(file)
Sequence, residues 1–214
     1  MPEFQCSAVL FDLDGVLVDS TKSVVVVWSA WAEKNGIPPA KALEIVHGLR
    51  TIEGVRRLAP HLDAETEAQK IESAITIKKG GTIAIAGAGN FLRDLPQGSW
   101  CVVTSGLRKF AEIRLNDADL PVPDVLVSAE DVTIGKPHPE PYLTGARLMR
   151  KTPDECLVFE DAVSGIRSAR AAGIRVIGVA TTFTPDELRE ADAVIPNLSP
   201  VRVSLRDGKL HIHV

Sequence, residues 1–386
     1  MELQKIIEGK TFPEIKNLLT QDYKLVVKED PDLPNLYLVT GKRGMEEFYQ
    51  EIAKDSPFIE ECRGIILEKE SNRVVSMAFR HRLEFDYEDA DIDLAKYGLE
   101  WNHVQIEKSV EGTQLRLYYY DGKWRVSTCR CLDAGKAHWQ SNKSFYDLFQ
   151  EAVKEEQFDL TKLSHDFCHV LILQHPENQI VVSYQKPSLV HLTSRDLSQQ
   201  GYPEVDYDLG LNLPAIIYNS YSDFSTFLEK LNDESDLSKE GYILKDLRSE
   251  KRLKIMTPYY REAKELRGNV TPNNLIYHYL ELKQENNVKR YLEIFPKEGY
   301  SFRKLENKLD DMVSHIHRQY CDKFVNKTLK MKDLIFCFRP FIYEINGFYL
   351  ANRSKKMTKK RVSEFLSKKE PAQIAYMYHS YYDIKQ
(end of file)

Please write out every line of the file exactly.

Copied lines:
Sequence, residues 1–214
     1  MPEFQCSAVL FDLDGVLVDS TKSVVVVWSA WAEKNGIPPA KALEIVHGLR
    51  TIEGVRRLAP HLDAETEAQK IESAITIKKG GTIAIAGAGN FLRDLPQGSW
   101  CVVTSGLRKF AEIRLNDADL PVPDVLVSAE DVTIGKPHPE PYLTGARLMR
   151  KTPDECLVFE DAVSGIRSAR AAGIRVIGVA TTFTPDELRE ADAVIPNLSP
   201  VRVSLRDGKL HIHV

Sequence, residues 1–386
     1  MELQKIIEGK TFPEIKNLLT QDYKLVVKED PDLPNLYLVT GKRGMEEFYQ
    51  EIAKDSPFIE ECRGIILEKE SNRVVSMAFR HRLEFDYEDA DIDLAKYGLE
   101  WNHVQIEKSV EGTQLRLYYY DGKWRVSTCR CLDAGKAHWQ SNKSFYDLFQ
   151  EAVKEEQFDL TKLSHDFCHV LILQHPENQI VVSYQKPSLV HLTSRDLSQQ
   201  GYPEVDYDLG LNLPAIIYNS YSDFSTFLEK LNDESDLSKE GYILKDLRSE
   251  KRLKIMTPYY REAKELRGNV TPNNLIYHYL ELKQENNVKR YLEIFPKEGY
   301  SFRKLENKLD DMVSHIHRQY CDKFVNKTLK MKDLIFCFRP FIYEINGFYL
   351  ANRSKKMTKK RVSEFLSKKE PAQIAYMYHS YYDIKQ